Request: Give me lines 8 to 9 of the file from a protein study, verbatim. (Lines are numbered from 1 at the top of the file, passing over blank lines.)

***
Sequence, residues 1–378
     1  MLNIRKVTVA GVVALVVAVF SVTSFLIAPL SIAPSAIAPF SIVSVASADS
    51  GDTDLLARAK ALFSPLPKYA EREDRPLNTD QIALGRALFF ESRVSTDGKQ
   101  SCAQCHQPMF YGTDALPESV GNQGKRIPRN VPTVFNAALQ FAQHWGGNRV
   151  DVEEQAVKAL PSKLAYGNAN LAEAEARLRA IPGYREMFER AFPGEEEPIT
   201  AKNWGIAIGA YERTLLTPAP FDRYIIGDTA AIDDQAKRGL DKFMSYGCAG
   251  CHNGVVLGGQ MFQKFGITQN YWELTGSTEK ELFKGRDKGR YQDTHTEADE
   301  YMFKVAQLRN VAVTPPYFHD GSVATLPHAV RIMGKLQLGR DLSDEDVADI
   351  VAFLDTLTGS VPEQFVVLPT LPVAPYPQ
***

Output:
   301  YMFKVAQLRN VAVTPPYFHD GSVATLPHAV RIMGKLQLGR DLSDEDVADI
   351  VAFLDTLTGS VPEQFVVLPT LPVAPYPQ